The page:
On August 1, 2014, the Ninth Circuit Court of Appeals handed down a decision in Arizona v. Raytheon Co., No. 12-15691 (9th Cir. Aug. 1, 2014), that may give trial courts some pause before approving future CERCLA settlements.  At issue was whether the trial court failed to adequately scrutinize consent decrees entered into between the Arizona Department of Environmental Quality (the “ADEQ”) and twenty-two Potentially Responsible Parties (“PRPs”) allegedly liable under CERCLA for contamination at the Broadway-Patano Landfill Site.  The majority opinion held that the trial court’s deference to the AQED’s judgment that the settlements were fair and reasonable was impermissible, and sent the case back down for a more thorough fairness hearing.   However, the more important aspect of the decision may be that, in dicta, the Court concluded that “[e]ven if EPA had been a party to the proposed consent decrees in this case, the district court would have failed to fulfill its duty to independently scrutinize the parties’ agreements.”  Id. at 21. Read More »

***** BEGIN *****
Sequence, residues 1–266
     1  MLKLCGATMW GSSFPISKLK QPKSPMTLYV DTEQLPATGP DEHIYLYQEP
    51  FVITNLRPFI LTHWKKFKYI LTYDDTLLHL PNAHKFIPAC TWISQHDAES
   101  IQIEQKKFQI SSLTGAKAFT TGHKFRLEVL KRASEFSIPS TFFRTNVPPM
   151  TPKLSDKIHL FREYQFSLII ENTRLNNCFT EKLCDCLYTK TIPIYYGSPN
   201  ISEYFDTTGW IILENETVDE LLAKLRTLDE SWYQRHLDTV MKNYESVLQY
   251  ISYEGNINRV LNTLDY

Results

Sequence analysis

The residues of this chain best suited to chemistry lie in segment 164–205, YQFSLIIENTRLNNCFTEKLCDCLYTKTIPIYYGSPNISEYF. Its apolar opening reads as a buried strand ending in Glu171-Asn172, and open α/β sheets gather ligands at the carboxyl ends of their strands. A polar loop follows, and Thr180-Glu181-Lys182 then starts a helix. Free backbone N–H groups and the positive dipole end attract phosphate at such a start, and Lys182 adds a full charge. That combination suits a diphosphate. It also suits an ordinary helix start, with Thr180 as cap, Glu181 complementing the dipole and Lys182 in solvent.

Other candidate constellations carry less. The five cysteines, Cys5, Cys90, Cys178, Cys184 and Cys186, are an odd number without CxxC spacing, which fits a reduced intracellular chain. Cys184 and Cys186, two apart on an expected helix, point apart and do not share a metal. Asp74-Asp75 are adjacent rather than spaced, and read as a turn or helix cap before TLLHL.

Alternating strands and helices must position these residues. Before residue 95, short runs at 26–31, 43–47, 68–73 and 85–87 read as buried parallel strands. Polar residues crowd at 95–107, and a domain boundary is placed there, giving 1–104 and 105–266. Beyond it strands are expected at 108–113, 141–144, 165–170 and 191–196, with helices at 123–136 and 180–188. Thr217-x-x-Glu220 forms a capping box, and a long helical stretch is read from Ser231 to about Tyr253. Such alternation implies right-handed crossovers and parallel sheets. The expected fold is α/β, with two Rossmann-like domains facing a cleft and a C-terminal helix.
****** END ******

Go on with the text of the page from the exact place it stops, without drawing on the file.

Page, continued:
In general, when a party shares communications or information protected by the attorney-client or work product privilege with a third party, the privilege is waived.  However, in many jurisdictions, if this sharing occurs when there is anticipated or actual litigation, a “common interest” exception allows parties to disclose privileged information amongst themselves while still preserving the privilege against disclosure to their adversaries.  On Monday, the New Jersey Supreme Court in O’Boyle v. Boro. of Longport, No. A-16-12, 2014 WL 355874 (N.J., July 21, 2014), expressly adopted this “common interest” rule (also often referred to as the “joint defense privilege”) so that parties to litigation in New Jersey can share privileged communications and information without the risk of destroying the underlying privilege.  Read More »

Last summer we reported on Bell v. Cheswick Generating Station, 903 F. Supp. 2d 314 (3rd Cir. 2013), a Third Circuit decision which held that the Clean Air Act does not preempt state law claims for personal and property damage caused by air pollutants.  And in March, we noted, not unsurprisingly, that defendant GenOn Power had filed a Petition for Cert to the U.S. Supreme Court.  On June 2, that Petition was denied, which may have been the impetus for the Supreme Court of Iowa to release its decison in Freeman v. Grain Processing Corp., No. 13-0723 (June 13, 2014), holding that neither the Clean Air Act nor Iowa's analogous state act pre-empted similar state law claims.  The decision is a hefty one, providing a historical overview of the Clean Air Act and preemption law and an in-depth discussion leading to the Court's final determination.  Put this one aside for one evening when you're sitting in the recliner with a glass of wine at your side.